Connecting the Dots: Soueif on Arabesque Festival in D.C., Translating Arab Literature, Arabs as Cultural Producers

By Andrea Shalal-Esa

Writer Ahdaf Soueif was in Washington for three weeks in March to participate in an unprecedented festival of Arab arts and culture hosted by the Kennedy Center that involved 800 artists from 22 countries. Soueif worked as a consultant on “Arabesque: Arts of the Arab World,” introducing curator Alicia Adams to various artists and acting as a sounding board for ideas as the festival took shape.

Soueif spoke at the festival’s opening gala, moderated two literature panels and headlined a third panel, at which she read excerpts of a new novel she is writing. As yet untitled, the novel deals with the parallel stories of two women who have lost their husbands, one a contemporary Egyptian woman, the other the goddess Isis. Soueif said the book was partly inspired by her interest in the 42 principles of the Egyptian goddess Ma’at, which many scholars believe provided the inspiration for the Ten Commandments.
Soueif is the author of two novels, “In the Eye of the Sun” (1992), and “The Map of Love” (1999), which was short listed for the prestigious Booker Prize in 1999. A political and cultural commentator, Soueif writes in Arabic and English for newspapers in both the West and the Arab world. She has also published a collection of essays, “Mezzaterra: Fragments from the Common Ground” (2004); two collections of short stories, “Aisha” (1983), “Sandpiper” (1996) later collected into “I Think of You” (2007); and translated Mourid Barghouti's “I Saw Ramallah” from Arabic into English.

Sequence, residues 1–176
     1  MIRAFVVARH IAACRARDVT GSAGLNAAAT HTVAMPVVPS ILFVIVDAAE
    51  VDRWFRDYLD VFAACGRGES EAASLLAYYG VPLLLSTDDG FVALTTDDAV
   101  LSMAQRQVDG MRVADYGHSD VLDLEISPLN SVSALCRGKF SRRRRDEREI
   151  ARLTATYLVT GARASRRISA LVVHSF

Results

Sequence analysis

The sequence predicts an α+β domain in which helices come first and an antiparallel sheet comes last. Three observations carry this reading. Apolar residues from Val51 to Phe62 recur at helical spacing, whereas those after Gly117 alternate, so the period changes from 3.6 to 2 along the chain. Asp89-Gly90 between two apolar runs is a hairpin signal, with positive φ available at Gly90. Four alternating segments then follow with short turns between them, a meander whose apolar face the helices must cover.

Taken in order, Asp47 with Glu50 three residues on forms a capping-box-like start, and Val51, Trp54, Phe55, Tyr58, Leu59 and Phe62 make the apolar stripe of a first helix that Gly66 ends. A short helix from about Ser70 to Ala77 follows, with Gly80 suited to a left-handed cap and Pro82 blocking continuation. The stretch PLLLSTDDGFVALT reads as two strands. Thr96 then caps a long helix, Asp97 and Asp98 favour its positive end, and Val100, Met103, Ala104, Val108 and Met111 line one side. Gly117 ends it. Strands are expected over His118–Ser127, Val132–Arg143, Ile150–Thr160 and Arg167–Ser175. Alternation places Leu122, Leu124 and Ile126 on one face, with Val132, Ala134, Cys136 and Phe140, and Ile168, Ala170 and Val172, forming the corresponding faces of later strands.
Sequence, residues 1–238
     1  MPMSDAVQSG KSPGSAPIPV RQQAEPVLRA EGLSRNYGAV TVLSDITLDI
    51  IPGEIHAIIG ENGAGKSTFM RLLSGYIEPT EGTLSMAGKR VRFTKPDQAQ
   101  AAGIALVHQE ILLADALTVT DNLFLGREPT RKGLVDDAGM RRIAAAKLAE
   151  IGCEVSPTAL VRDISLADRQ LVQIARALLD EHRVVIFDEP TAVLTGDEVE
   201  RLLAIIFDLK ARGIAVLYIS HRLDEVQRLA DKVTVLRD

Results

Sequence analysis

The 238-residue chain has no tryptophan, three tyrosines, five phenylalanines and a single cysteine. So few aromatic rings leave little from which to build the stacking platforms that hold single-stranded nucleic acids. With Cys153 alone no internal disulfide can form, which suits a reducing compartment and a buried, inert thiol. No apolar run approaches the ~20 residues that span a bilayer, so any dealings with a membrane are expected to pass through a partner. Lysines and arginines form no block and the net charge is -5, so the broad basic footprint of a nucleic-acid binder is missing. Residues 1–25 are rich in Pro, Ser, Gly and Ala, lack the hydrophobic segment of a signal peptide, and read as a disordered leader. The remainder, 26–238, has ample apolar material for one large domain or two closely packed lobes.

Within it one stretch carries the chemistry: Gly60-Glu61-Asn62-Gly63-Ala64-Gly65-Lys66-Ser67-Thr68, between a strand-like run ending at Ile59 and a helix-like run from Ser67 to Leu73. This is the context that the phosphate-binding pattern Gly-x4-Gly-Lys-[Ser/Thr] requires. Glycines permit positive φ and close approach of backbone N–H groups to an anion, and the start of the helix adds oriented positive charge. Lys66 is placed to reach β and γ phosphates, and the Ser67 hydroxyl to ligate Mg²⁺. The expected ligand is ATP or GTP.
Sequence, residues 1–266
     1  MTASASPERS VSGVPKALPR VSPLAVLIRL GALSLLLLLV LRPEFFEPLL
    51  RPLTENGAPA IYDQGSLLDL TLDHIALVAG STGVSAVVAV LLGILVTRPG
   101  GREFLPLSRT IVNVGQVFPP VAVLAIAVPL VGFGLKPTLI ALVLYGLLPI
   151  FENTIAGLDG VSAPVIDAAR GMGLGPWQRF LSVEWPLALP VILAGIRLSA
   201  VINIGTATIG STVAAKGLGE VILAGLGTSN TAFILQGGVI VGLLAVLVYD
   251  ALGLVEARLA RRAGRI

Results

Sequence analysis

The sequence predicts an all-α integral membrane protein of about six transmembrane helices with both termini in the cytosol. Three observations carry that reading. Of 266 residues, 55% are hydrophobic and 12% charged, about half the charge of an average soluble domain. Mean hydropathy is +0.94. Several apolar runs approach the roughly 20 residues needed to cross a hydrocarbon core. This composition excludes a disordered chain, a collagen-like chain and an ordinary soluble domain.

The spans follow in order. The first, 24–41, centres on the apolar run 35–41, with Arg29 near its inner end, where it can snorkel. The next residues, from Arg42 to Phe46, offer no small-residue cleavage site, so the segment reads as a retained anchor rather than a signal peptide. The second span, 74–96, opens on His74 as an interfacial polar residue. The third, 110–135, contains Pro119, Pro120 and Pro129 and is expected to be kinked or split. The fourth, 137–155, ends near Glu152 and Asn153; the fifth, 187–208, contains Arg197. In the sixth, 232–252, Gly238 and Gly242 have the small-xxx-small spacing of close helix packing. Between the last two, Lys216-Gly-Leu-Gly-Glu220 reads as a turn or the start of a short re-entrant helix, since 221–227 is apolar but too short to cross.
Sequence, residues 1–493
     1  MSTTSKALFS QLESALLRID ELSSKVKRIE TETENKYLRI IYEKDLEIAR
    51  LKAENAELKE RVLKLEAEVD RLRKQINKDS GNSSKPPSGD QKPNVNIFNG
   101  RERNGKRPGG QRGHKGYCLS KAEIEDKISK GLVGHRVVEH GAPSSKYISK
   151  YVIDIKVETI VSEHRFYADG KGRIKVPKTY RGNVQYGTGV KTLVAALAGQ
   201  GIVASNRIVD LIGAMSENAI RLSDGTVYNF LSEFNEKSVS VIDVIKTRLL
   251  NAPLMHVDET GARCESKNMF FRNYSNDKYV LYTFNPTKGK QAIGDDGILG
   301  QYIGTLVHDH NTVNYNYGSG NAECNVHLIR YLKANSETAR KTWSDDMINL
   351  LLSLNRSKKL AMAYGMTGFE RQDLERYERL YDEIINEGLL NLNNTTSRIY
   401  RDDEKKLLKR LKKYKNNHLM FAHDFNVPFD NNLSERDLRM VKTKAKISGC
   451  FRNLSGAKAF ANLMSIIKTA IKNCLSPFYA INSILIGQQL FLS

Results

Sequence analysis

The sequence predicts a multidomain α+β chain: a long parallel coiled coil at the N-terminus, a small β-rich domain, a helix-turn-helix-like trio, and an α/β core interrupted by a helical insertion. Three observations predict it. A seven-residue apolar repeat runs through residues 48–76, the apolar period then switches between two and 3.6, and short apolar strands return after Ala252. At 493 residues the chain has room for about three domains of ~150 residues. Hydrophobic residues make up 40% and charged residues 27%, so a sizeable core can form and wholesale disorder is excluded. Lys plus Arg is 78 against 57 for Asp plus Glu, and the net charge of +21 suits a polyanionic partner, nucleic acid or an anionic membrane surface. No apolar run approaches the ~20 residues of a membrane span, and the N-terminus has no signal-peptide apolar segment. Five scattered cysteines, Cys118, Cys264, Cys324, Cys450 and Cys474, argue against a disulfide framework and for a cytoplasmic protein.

Soueif was educated in Egypt and obtained a Ph.D. in linguistics from the U.K. She lives in London and Cairo. She has two sons, aged 24 and 19. Her husband, the writer Ian Hamilton, died of cancer in 2001. Her website is www.ahdafsoueif.com.

How would you assess the importance of the Kennedy Center’s Arabesque Festival?

I think it’s tremendously important to have a festival at this most premier cultural center in the (U.S.) capital – a festival that lasts three weeks; that treats the Arab world as a unit; that treats the Arabs as cultural and artistic producers; that actually embodies both the unity and diversity of the Arab world. We’ve already seen how people are responding to it. We’ve seen the attendance; we’ve felt the buzz around it. We’ve registered the press coverage. It’s an enormous and totally positive event.

Previous Kennedy Center festivals have focused on individual countries. What’s the thinking behind having a festival that groups the whole Arab world together instead of highlighting specific countries?

There is an Arab culture. You have a geographic space where everybody speaks Arabic, where everybody has access to the same literature, where everybody is responsive to the same music and the same art, and in which, at the same time, individual locations have their individual genius. It seems to me that is such a dynamic and rich and fruitful structure. It’s brilliant that the organizers at the Kennedy Center saw it that way and presented the festival in a way that showcased that.

Do you think this will be the beginning of greater inclusion of Arab arts and culture in future Kennedy Center programming?

I certainly hope so. People are saying the Kennedy Center should do this every year. Well, of course, they can’t. But it can be the starting point for an ongoing program. It doesn’t have to be a festival of a particular country, but it can be an ongoing program of presenting Arab arts. So you could have a concert one month, an exhibition another month; an ongoing engagement with the art of the region. I think would be an excellent thing to do. It would also be a natural thing to do. I can’t imagine that an event as big and important and well-received as this would just end after three weeks without a continuity of some kind. That would be a wasted opportunity. But it’s really down to us as Arabs and as cultural producers and to the Americans who are thinking the same way, to now do something about the representation of Arab arts in this country. It’s very clear that there is a market, if you like, that there are people who will respond. There’s a lot of work that can be done. Now everyone needs to think about how they can contribute.

Your new novel is trying to connect the dots between the history of ancient Egypt and today. I’ve always been puzzled that people in the West are fascinated with ancient Egypt, but then it stops. They never associate that history with modern Egypt.